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Value Line recently initiated coverage of Domtar Corporation (UFS) in its flagship product, The Value Line Investment Survey. Headquartered in Montreal, the company designs, manufactures, and markets a variety of fiber-based products through three operating segments: Pulp and Paper, Distribution, and Personal Care. Domtar employs nearly 10,000 people and  produces the most uncoated freesheet paper in North America and second most in the world.

Previously known as Dominion Tar & Chemical Company, Domtar can trace its roots, in some form or another, back to the early 1840s. After the March 2007 merger with Weyerhauser’s (WY) fine paper business, the current incarnation of Domtar was formed and offered publicly. Trading on both the New York and Toronto Stock Exchanges, the company has experienced a significant material recovery since the recession several years ago. 

With 13 mills across the continent, Pulp and Paper is, in many ways, Domtar’s flagship segment, contributing over 80% of companywide sales in 2012. Trade pulp production is split equally between its Canadian and American plants and the company sells 1.6 metric tons of pulp per year depending on market conditions.  U.S. operations produce the lion’s share of paper, contributing over 80% of the output in the past year. The manufacturing of wood and paper requires ample resources, chemicals, and energy. The costs associated with energy production, which is most subject to fluctuating rates from local utility companies, are largely taken care of in-house; Domtar’s plants produced 72% of total energy used in 2012. The balance of required energy is provided by local utilities. 

The Distribution segment, as its name suggests, executes the purchasing, warehousing, sale and delivery of various products from Domtar (representing roughly 30% of total deliveries) and other suppliers. Under the brand Ariva, the business operates from 18 locations, including 12 distribution centers that are mostly located in the United States. Subsequently, American activity made up over 60% of the segment’s operations in 2012. Over the past few years, Distribution experienced a constant decrease in operating income, an issue that management is focused on turning around through restructuring and improved efficiency.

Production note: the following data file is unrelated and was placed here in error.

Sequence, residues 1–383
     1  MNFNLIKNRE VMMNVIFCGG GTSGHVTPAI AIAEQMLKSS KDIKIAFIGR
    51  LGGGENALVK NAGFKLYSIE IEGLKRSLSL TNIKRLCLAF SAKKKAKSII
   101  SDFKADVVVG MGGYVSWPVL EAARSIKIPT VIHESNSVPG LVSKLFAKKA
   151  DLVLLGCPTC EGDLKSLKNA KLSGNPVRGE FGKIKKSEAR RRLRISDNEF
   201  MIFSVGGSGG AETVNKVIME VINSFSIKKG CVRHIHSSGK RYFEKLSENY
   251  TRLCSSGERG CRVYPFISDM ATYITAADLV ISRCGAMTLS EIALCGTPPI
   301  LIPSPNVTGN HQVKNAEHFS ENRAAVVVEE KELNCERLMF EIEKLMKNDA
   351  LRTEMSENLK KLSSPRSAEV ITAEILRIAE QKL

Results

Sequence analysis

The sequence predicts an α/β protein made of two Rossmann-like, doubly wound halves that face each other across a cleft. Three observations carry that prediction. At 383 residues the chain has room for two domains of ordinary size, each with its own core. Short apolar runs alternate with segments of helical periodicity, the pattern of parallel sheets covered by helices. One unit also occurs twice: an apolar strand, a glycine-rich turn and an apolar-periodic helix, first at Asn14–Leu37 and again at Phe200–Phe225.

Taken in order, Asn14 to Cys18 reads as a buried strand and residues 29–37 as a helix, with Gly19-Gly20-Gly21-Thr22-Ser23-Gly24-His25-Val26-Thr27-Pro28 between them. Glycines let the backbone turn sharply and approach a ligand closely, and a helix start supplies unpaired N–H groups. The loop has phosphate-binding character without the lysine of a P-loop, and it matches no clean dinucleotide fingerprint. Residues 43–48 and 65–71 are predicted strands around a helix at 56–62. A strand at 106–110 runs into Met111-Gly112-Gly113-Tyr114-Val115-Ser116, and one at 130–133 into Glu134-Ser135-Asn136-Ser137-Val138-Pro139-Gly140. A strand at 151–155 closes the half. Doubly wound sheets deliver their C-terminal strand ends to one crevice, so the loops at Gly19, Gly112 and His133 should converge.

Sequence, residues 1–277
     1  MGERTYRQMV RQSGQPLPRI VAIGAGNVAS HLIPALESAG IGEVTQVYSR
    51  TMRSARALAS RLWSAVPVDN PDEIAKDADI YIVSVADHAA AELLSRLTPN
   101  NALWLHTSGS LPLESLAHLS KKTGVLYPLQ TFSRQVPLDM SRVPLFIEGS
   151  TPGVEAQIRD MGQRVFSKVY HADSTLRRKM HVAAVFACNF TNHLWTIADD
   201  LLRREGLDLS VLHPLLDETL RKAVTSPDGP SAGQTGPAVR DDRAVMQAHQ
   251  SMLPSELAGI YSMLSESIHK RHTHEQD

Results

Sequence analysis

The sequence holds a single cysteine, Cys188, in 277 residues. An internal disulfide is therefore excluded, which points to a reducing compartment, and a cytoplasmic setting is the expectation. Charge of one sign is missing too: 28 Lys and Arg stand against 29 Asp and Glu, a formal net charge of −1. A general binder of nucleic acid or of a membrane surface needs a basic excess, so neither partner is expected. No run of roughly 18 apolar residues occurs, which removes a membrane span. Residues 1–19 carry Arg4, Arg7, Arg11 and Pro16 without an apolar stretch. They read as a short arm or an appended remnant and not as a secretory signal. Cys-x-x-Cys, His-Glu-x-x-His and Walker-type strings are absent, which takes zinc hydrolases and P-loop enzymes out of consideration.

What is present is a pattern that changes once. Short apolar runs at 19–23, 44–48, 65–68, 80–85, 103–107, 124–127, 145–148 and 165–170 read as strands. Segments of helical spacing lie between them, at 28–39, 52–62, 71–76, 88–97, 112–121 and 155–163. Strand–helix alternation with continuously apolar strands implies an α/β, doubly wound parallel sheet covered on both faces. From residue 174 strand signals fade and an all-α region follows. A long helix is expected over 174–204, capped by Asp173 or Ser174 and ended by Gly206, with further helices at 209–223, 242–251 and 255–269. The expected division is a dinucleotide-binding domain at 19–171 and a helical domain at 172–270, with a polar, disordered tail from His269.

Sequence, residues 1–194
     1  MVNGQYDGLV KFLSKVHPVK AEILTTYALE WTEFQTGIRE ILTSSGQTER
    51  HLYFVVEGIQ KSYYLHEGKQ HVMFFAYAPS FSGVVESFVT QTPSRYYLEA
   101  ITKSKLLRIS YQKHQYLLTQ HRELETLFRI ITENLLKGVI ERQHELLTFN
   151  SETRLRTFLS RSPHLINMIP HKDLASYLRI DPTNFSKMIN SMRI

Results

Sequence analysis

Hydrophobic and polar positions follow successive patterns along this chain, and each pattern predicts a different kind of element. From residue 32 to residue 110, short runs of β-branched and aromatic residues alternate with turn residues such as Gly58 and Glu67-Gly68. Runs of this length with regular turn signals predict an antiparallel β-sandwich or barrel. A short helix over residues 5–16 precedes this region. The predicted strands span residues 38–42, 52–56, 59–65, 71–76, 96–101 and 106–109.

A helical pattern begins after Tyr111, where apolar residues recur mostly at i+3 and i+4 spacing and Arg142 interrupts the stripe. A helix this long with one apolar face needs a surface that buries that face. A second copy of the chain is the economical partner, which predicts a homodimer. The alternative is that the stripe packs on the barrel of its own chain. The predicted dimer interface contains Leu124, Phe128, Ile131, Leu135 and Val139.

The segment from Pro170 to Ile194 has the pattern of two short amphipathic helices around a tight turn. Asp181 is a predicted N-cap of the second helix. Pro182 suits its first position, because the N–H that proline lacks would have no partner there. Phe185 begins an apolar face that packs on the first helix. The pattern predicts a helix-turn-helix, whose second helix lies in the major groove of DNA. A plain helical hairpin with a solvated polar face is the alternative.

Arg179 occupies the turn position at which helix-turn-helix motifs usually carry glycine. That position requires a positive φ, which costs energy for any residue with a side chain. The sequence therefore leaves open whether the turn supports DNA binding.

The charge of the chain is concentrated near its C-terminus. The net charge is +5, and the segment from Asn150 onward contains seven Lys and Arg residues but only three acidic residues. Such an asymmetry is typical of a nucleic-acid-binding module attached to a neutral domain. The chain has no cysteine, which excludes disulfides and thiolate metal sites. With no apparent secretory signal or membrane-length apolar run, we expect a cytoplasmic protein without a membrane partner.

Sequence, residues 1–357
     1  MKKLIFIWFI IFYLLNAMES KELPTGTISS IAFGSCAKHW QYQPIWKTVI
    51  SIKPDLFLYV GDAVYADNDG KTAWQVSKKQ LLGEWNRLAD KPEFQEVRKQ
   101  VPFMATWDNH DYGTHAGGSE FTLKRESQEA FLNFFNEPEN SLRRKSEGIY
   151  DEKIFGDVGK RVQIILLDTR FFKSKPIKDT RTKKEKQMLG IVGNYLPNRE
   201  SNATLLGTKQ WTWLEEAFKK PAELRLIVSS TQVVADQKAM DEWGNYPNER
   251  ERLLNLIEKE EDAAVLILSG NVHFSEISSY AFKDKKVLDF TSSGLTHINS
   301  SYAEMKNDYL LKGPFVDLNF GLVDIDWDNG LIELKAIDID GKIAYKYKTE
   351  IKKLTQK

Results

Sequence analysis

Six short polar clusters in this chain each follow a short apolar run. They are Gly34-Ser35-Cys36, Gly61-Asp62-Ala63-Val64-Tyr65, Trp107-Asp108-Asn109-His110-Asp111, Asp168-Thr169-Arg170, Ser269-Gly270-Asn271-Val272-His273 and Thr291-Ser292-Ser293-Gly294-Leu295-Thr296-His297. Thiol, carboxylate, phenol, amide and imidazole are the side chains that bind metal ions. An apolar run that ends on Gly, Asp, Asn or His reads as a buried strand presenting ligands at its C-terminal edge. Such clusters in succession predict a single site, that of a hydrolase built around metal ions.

To the uninitiated, Domtar’s relatively nascent Personal Care segment (founded in late 2011) may appear to be an outlier of sorts with its reliance on the sale of adult incontinence products. But, like its segment contemporaries, the disposable wash cloths and diapers that the group produces under its Attends brand require the same type of pulp-to-product production. The full suite of products offered here should increase in the years ahead. Estimates see people over the age of 65 comprising over 20% of the U.S. population by 2030. It is also believed that one in three members of that age group suffer some degree of incontinence. The segment seems poised to succeed, as it has already posted healthy year-over-year gains in operating income since its inception a year and a half ago. With an aging population, increased awareness for incontinence, and widespread improvements in healthcare coverage, the future is bright for this division.

While Domtar is a long-established player in the industry, it is being confronted with a handful of significant challenges to near- and long-term success. Perhaps the most prominent challenge facing the company is a growing consumer preference for competing technologies and materials. Competitors who employ electronic transmission and document storage tend to carry a wider array of offerings and, as a result, have contributed to the past few years’ sales decreases. The upstart Personal Care group should help ease the pain somewhat. Thus, we are calling for single-digit sales growth in the coming five years. Sale levels are also exposed to several large customer accounts. For instance, 11% of 2012 sales were to office product retailer Staples (SPLS). Should considerable challenges confront any of Domtar’s larger customers, top-line growth could be hurt.

Subscribers interested in this Canadian-based fiber manufacturer and distributor are advised to consult Value Line’s quarterly reports for Domtar, as well as any supplemental reports and relevant articles as important news items arise.

At the time this article was written, the author did not have positions in any of the companies mentioned.